Let’s begin with a poll. For the guys reading, show of hands if you’ve ever received that dreaded message. Something along the lines of…
Hey, so I was just wondering, did you ever really have feelings for me? Did you love me or what was the thing we had?
No you are not wrong, what you heard was the sound of eyeballs rolling.
That’s what they call it. Although, it is common among the female gender, it is not unique to them. From time immemorial, men and women have chased this seemingly illusive feedback often times with little success. Recently I spent some time thinking about this phenomenon and made a few discoveries worth discussing.
Is it really closure or denial?
In most cases where people go after closure, it’s when they feel they’ve been dealt the weaker hand in a relationship. And this has nothing to do with whoever ended a relationship – it’s just about power. So for instance, even if a chic breaks up with her boyfriend but never felt she had control (or at least some form of it) while they were together, she will still walk out of that relationship with tons of questions – aka, seeking closure.
If you’re wondering, it’s probably true.
Most men are poor communicators and emotionally lacking when in relationships – it’s just how we are, it’s not an excuse. However, when it comes to ending relationships, if we are being honest with ourselves, most times, you can tell what went wrong. As most men are more logical than emotional, it allows them “manipulate” women who are often times more emotional than logical into doing things they usually should not do. Logic is yes or no because x or y. No maybe’s. Add some attention, saying the right thing at the right time, throw in some surprises, thoughtful gifts and emotion will shift from a yes or no to maybe.
This is how a lot of people (more men than women) are able to ‘manipulate’ their way into hearts that originally didn’t want or even deserve them.
Sometimes, it works out perfectly – some people really do need a little bit of convincing. But when it doesn’t, do you really need to ask why it didn’t?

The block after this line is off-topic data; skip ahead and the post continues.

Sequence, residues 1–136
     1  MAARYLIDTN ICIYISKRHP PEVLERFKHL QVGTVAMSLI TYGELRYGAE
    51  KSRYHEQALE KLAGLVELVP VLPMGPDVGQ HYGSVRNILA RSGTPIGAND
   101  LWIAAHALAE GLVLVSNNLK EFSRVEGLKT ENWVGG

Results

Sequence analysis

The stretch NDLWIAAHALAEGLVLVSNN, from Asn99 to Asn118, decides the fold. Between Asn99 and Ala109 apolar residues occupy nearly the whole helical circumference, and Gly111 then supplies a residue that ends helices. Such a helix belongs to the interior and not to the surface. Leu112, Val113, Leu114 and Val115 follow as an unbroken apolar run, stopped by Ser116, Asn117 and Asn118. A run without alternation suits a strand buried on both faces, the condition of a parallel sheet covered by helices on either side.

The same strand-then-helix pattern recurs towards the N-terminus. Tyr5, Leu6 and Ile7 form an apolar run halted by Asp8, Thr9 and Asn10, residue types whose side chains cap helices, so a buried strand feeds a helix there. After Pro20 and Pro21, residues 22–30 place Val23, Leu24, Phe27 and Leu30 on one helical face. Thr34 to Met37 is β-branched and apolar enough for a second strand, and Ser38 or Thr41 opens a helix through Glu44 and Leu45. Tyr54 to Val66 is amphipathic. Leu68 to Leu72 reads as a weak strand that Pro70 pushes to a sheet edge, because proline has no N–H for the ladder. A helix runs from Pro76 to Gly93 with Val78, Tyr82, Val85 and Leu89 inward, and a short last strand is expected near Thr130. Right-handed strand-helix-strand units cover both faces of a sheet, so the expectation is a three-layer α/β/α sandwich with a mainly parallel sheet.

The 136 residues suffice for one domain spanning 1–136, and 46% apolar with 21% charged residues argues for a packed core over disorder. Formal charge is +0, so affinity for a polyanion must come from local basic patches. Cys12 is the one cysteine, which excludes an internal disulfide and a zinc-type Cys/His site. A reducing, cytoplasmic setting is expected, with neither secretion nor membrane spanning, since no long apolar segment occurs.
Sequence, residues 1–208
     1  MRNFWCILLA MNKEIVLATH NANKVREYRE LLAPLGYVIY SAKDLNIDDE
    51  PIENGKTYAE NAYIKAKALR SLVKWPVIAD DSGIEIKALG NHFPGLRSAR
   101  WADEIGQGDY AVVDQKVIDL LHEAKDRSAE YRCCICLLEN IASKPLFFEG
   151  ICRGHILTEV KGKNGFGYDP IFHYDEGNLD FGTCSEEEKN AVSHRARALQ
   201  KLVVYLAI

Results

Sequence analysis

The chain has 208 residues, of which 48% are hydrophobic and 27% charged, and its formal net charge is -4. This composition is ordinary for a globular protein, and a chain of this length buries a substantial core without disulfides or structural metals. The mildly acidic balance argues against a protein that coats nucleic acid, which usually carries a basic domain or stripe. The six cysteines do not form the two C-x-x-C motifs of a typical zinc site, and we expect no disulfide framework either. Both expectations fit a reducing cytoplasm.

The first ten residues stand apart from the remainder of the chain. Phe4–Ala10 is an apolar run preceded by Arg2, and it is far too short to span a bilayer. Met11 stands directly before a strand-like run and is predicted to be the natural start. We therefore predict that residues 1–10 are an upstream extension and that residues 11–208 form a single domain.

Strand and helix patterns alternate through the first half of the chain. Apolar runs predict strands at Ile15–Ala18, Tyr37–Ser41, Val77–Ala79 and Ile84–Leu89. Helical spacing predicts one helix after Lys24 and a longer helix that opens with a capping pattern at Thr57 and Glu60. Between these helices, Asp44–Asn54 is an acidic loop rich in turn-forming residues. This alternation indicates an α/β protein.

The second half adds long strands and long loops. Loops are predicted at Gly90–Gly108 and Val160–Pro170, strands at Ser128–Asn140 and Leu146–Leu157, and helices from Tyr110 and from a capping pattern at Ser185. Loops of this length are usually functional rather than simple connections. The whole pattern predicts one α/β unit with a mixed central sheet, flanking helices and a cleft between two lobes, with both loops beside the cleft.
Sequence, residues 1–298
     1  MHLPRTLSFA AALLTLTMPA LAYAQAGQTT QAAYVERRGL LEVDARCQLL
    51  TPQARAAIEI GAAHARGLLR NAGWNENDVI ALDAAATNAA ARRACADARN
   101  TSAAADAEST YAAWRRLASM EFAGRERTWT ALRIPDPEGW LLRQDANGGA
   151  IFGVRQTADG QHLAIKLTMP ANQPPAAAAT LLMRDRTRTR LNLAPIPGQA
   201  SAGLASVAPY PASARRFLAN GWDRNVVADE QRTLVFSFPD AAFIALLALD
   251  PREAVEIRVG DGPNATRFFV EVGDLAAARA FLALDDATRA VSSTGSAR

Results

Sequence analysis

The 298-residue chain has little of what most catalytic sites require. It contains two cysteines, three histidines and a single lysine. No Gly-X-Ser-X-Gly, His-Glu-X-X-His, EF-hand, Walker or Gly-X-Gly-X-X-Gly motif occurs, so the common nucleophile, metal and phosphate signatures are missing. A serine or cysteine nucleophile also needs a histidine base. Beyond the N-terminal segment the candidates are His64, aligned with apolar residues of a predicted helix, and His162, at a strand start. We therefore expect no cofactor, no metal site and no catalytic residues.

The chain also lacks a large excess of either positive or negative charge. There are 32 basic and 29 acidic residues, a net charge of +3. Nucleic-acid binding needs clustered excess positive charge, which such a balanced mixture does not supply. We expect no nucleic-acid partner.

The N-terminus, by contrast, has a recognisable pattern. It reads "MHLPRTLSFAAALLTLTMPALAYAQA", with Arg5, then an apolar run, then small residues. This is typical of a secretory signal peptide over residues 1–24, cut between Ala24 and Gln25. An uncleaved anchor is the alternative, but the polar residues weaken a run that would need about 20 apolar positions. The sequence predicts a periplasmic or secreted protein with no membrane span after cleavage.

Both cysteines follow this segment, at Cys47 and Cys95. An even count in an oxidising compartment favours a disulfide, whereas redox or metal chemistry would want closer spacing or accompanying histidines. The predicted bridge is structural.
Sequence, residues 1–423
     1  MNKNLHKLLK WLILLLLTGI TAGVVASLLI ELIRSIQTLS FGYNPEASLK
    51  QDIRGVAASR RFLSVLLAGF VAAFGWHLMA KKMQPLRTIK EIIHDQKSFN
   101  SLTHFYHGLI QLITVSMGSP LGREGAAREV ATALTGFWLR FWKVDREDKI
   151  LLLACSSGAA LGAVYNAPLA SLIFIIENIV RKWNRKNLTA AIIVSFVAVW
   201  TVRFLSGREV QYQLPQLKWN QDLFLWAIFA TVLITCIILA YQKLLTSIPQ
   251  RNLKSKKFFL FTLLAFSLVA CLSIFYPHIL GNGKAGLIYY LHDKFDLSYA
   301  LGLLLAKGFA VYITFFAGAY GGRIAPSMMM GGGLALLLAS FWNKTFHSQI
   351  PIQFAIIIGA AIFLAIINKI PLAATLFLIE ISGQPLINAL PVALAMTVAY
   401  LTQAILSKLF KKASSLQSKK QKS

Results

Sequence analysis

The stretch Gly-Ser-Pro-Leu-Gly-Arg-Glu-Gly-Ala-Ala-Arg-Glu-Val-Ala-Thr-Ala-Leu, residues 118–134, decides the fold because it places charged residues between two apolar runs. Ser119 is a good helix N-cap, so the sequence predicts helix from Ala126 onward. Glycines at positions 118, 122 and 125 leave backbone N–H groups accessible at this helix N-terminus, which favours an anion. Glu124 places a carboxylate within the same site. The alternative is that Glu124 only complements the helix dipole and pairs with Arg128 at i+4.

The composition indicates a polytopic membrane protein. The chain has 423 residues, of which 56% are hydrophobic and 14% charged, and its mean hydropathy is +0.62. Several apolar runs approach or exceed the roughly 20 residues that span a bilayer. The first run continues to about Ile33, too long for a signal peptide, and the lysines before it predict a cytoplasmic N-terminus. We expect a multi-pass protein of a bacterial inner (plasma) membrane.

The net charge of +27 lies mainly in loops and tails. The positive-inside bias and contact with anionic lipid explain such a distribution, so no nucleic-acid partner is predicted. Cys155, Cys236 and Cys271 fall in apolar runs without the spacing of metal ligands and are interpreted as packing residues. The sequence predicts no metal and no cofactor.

Let’s imagine a relationship is a door leading in to your heart. When the relationship ends and one party walks out the door, you can either take up the responsibility and shut the door to protect your heart (from other bandits) or you can leave it to the person walking out of your life with the hope that they will shut the door behind them (aka closure).
We all know that in most cases, they don’t. I mean, who passes on a free meal? If I know all that I need to keep coming back is to leave a door open, why on earth would I shut it?
As much as many of us know the closure we often seek is really up to us and not the other party, we struggle to admit it. Why?
I’ve never been conned but I can imagine just how painful an experience it could be. You’d probably spend a lot of time questioning your actions, wondering how you let it happen and with denial setting in, you’d probably rationalize it in one way or the other. In relationships, the rationalization is when you transfer this responsibility of closing the door (aka closure) to the other party.
Before now, I had never understood why we seek closure – like what do you want to hear?
I never loved you.
It was all about the sex for me.
I cheated because you are terrible in bed.
In most cases, if you’re wondering about these things, chances are, you’re probably right but denial is a strong emotion that doesn’t respect gender. I call it the forerunner to regret and though regret can also be tough, it’s way easier to deal with compared to denial.
And so for me, I have come to the conclusion that seeking closure as much as it might be a waste of time (since you can control it), it’s probably never going to go away because often times, it is tied to denial.
Let’s talk. Have you ever gone out to seek closure? Why did you really do it? Were you asking things you never really knew or things you were in denial about? What are your thoughts on closure – necessary evil or waste of time? Use the comment section to express you.
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